The patient presents herself for the initial psychiatric assessment with the report that she is at the end of her rope and does not know what else to do. While despondent and crying, she mentions that she does not have many friends and most of the friends she previously made abandoned her. She explains that she is always considerate of the people she considerate her friends and tries to be nice to them, but this has not helped her in keeping her friends. She becomes more agitated during the interview, and stands up to begin pacing around the interview office. She becomes more animated, wildly gesturing while stating that her biggest concern is that she just broke up with her boyfriend and this is what made her to make the appointment. She describes the breakup as a traumatic experience, noting that he was very considerate when they started dating but was less considerate towards the end of the relationship. She adds that although he broke up with her, she is glad to see him go since she hates him. She then explains that her present financial situation is no favorable since she recently made some purchases to furnish the home she shared with her boyfriend who has since moved out. They shared the bills when he was around but now she has to deal with the home bills as well as the credit incurred from the furnishing purchases. She concludes that: “I do not like people who do not keep their word. He promised that he would be around to help me with the bills, but now he up and left me without considering how I will make the payments”.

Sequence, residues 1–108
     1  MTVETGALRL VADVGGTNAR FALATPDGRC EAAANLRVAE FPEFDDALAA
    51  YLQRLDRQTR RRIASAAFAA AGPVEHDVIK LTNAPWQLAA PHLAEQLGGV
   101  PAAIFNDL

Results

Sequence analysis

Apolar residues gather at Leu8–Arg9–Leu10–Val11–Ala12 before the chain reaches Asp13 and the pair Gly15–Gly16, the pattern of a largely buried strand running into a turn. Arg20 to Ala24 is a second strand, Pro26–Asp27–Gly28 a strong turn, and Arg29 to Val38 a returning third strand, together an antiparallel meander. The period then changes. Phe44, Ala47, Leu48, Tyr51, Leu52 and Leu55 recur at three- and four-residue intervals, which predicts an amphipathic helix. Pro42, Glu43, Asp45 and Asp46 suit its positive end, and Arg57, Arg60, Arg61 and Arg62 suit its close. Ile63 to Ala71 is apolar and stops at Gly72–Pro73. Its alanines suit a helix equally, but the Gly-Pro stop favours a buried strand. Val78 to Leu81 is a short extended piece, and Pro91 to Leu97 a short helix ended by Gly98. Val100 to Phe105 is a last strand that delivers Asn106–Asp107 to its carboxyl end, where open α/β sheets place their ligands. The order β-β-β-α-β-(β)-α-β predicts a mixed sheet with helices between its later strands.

History of present illness
The patient reports that she had a troubled childhood. She indicates that as a child, her peers would pick on her simply because they were stupid and did not know how to have fun. She acknowledges that she has always been impulsive, although this is targeted at having fun when other people want to become prudes. Her life motto is that life is only lived once and every person must make the best of that life.
Past psychiatric history
No history of psychiatric ailment.
The patient is not on any prescription medication except for some over the counter pain medication that she takes when she has had a long day at work and school.
Substance use history
The patient occasionally drinks when she is at social functions, but does not use any drugs.
The patient did not have any developmental delays.
Family psychiatric history
The patient is not aware of any member of her family suffering from a mental illness.
The patient leads an active social life that revolves around going to work, attending school and spending time with friends and family in social events. Practicum – Assessing Client Progress Paper.